State treasurers and pension fund leaders have also demanded answers last month from major Georgia-based companies as to whether the companies are updating policies to avoid contributing to legislators who support restricting voting rights. Last week, hundreds of companies and corporate leaders published a two-page ad in the New York Times stating their opposition to voting restrictions. BlackRock and Vanguard signed the letter, while State Street did not. While all three firms’ proxy voting practices have contributed to or enabled such voter suppression efforts, none have taken responsibility for this harm or detailed plans to stop shielding the corporate directors responsible for oversight of such harmful and risky political spending.
“As managers of the retirement savings of millions of Black and brown workers, the world’s largest asset managers have a responsibility to change course to root out systemic racism from our economic system,” said Gerry Hudson, Secretary-Treasurer, SEIU. “Giant fund managers like BlackRock, Vanguard, and State Street must change course to break from their current support of boards lacking racial and ethnic diversity, undermining of racial justice resolutions, and backing of lobbying and political spending that harms Black and brown communities,”
The letter signatories call on large asset managers to, at a minimum, do the following this shareholder season:
● Oppose all-white boards, or those with arguably token representation by a single person of color
● Oppose directors in charge of political spending at corporations that have failed to address their role in funding elected officials implicated in the Capitol Insurrection or those behind or supporting voter suppression efforts
● Support shareholder demands for racial equity audits this season at critical companies in the finance, healthcare, and retail sectors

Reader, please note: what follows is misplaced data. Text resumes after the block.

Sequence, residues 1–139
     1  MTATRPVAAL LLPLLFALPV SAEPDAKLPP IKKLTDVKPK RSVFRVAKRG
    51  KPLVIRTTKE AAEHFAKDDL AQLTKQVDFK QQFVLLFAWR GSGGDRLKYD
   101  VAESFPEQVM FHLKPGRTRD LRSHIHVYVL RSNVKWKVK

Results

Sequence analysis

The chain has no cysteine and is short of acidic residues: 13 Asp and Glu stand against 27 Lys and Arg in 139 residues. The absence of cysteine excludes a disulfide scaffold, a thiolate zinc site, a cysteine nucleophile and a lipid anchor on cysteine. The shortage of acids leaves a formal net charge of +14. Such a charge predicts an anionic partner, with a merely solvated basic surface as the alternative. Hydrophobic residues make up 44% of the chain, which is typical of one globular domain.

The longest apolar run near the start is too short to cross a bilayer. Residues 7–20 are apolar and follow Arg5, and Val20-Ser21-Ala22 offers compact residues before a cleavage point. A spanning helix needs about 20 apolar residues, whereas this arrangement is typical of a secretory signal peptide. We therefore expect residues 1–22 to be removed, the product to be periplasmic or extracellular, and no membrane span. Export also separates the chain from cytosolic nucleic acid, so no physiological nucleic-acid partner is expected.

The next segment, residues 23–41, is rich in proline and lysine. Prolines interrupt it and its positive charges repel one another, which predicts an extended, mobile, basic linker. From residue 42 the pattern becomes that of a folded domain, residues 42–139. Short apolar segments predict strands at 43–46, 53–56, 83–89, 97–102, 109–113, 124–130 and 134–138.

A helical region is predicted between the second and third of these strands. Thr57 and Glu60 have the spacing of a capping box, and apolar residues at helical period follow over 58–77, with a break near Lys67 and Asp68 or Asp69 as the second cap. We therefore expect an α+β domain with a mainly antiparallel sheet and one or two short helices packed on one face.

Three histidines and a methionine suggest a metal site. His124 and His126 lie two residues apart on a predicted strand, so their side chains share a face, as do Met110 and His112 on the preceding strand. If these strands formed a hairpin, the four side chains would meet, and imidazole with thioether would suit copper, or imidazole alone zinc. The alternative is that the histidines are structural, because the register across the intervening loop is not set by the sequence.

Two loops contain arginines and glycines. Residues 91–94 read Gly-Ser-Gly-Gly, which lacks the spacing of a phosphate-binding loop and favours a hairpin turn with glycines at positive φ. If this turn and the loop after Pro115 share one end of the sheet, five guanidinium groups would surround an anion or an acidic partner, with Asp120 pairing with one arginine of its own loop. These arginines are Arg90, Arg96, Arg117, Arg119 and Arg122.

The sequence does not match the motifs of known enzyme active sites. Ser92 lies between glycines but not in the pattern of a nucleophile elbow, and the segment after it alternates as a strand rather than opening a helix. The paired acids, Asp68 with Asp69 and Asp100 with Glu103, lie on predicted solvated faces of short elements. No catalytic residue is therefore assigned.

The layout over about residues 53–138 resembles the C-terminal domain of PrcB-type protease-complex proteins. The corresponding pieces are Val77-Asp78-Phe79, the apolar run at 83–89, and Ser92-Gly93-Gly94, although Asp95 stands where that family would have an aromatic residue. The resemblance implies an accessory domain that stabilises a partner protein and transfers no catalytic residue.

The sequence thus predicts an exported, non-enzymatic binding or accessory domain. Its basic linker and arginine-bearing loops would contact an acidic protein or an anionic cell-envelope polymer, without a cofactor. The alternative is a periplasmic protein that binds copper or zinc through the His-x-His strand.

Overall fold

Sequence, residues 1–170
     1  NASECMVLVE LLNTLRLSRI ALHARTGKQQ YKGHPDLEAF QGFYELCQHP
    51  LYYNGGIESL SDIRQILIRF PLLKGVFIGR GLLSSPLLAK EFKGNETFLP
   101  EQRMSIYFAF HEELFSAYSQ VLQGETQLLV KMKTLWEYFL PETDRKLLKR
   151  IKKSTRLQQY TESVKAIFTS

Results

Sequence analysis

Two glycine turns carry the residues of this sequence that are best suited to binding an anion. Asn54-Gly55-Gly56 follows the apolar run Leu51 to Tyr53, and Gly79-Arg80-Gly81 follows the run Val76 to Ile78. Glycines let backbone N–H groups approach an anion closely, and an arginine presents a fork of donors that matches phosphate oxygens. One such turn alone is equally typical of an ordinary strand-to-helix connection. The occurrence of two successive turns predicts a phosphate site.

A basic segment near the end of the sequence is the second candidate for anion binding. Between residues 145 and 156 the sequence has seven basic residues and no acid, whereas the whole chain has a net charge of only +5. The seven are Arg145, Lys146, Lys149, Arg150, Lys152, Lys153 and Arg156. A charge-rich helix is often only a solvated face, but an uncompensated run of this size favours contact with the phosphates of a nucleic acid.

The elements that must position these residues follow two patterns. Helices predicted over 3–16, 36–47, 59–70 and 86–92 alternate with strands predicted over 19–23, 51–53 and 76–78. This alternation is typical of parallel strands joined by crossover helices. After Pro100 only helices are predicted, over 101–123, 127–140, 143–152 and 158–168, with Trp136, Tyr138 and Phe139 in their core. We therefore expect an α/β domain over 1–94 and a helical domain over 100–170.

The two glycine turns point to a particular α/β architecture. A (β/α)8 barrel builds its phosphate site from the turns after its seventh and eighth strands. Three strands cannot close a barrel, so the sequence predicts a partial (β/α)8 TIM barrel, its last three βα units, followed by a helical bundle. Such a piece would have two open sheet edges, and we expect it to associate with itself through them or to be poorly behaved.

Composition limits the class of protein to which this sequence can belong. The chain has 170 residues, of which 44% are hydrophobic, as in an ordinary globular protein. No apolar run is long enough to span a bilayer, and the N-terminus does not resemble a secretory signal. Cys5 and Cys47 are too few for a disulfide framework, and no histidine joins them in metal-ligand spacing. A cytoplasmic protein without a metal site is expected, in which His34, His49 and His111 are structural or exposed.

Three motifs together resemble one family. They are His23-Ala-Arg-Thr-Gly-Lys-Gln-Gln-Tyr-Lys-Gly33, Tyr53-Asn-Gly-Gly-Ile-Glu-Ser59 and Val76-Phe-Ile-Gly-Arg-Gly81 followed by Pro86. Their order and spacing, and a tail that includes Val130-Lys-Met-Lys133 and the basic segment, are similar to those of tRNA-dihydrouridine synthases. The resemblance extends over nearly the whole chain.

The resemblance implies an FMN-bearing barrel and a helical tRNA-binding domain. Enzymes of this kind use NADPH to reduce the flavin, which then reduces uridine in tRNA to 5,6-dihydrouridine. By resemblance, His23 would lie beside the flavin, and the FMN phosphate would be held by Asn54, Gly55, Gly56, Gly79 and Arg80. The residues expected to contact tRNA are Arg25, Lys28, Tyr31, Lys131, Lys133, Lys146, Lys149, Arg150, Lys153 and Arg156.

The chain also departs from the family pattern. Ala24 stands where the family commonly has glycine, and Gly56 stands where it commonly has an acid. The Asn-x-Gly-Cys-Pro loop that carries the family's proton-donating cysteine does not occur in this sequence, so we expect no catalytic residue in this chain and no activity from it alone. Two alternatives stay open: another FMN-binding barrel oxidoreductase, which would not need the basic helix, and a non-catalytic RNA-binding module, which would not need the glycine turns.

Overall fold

● Support shareholder demands for complete transparency and accountability on political spending and lobbying
● Support shareholder proposals demanding long-overdue action to address practices that reflect white supremacy and cause-related harms, including—but not limited to—equitable workplace practices and discrimination, customer discrimination and abuse, algorithmic bias, and community surveillance.
Majority Action is a nonprofit organization dedicated to empowering shareholders of all sizes to hold corporations and their leadership accountable to high standards of long-term value creation, corporate governance, and social responsibility. www.majorityaction.us
The Service Employees International Union (SEIU) unites 2 million diverse members in the United States, Canada, and Puerto Rico. SEIU members working in the healthcare industry, in the public sector, and property services believe in the power of joining together on the job to win higher wages and benefits and to create better communities while fighting for a more just society and an economy that works for all of us, not just corporations and the wealthy. www.seiu.org
- Majority Action, The Service Employees International Union (SEIU)